Wednesday, October 16, 2013

Number 1455: Welcome back to Earth, Rex Dexter of Mars

Although the cover says “No. 1,” Rex Dexter of Mars was a one-shot publication from Fox Features, dated Fall 1940. Except for the story I’m showing today, the magazine is made up of reprints from Fox’s Mystery Men and Wonderworld comics.

Rex and his girlfriend Cynde have been raised on Mars, where Rex's great-grandpappy took a group of people in 1939. In 2040 Rex and Cynde return to Earth to find a utopian world. According to an unnamed character, explaining how life on Earth has changed in 100 years, it is, “Oh, much better, I’d say! To-day we are a united world, all working for the common good!” In the world of 2040 no one works because they have to, just because they want to. There is no need for money. Hey, want a ride on the city bus to the job where you aren’t being paid? It’s free.

 Here’s another of Rex’s adventures from Mystery Men Comics. Just click on the picture.


Daniel [] said...

Hmmm… What if the youngest male descenndant of the Dexter family had been an infant on 2 January 2040? (I'll give them the benefit of the doubt, and presume that they did not use a calendar derived from the Julian for ordinary purposes.)

You've previously noted that Briefer was once involved with the Communist Party, and we've wondered whether and how his politics might have been injected into his stories. Well, whoomp, here it is. The Earth as he depicts it in 2040 very much fits the long-term predictions and objectives of Marxism and of the Communist Party. People work for the common good, rather than for personal material gain, and can adopt whatever sort of task interests them; goods and services are freely available. (Somehow, never actually explained — here or in Marx — stuff is made and consumed in the right amounts for a high-level civilization. Everything is coördinated … somehow.) Manual labor has been rendered obsolete (something promised by the Communist Party, though I don't recall that promise being made by Marx).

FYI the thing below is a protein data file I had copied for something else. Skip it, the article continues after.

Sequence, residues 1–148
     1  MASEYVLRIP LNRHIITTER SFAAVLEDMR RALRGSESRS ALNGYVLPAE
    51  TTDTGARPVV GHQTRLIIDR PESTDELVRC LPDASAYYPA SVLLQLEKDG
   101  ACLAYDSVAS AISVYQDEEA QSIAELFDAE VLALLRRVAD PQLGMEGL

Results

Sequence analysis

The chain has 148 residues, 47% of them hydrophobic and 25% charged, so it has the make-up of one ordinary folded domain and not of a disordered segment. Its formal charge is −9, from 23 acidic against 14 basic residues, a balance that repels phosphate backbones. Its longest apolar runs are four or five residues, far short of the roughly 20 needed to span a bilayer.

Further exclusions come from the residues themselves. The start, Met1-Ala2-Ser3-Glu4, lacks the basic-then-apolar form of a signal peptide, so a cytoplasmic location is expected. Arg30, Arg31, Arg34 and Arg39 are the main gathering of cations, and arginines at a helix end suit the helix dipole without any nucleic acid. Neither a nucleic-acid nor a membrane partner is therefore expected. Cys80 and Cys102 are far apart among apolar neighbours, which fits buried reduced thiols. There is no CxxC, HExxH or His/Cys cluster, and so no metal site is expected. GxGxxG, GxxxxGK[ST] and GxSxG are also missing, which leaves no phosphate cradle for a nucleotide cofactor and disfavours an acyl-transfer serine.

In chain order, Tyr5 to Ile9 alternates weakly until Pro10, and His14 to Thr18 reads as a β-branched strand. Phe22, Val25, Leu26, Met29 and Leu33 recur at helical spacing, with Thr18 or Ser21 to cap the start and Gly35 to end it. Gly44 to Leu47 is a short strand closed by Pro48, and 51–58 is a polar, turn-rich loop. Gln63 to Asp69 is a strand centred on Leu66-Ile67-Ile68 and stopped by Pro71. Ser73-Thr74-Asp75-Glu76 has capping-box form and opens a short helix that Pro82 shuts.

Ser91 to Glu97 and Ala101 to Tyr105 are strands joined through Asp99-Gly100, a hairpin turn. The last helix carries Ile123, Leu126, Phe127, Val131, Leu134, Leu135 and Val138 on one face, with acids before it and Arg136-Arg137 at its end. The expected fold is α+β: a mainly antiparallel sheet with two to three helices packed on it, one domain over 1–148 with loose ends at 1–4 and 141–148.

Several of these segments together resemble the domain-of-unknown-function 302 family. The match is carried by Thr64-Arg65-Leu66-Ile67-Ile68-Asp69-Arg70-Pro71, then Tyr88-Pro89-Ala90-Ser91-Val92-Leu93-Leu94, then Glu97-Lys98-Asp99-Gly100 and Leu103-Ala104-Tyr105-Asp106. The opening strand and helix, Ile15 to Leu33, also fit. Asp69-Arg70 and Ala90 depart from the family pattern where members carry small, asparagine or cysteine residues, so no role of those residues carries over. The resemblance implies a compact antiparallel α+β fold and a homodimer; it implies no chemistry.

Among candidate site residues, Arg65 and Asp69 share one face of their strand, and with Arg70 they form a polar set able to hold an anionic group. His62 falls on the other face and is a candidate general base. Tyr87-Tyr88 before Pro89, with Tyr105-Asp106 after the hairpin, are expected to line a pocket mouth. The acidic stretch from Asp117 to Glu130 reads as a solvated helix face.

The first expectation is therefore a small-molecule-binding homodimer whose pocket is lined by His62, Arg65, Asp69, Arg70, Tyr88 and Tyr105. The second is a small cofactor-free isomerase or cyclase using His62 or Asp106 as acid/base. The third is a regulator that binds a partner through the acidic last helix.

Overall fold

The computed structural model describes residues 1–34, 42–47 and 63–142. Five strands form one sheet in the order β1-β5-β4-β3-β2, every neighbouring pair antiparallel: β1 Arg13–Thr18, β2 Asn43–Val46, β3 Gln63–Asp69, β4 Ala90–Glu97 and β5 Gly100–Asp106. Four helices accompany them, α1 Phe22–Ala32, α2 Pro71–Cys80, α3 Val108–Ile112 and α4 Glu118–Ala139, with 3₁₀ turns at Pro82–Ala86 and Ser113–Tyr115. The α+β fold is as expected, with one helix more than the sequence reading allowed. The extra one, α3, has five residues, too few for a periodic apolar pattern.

Pappy said...

You're right, Daniel, I went with your link and re-read what I wrote in April of this year. At that time I had not discerned Briefer's politics infiltrating his strips, but then the strips I was most familiar with (funny Frankenstein, etc.) were done later in the forties. The Rex Dexter origin strip in this posting was done much earlier, and has a simplistic view of a communist utopia. I didn't use the word communist in the post, but I was thinking of it when I wrote it, as self-serving as that sounds.

Since you are also a student of history you know that during the Great Depression there was sort of a hipness to being a communist, fighting the fascists in Spain, and a misplaced idolatry of Stalin and the USSR. At some point later many true believers rejected the party line, and some were called to account by HUAC for once having been members of the party. I have no idea where Briefer fell in this, and hope to someday either hear from his family members or someone who knew him to tell me what he believed later in his life.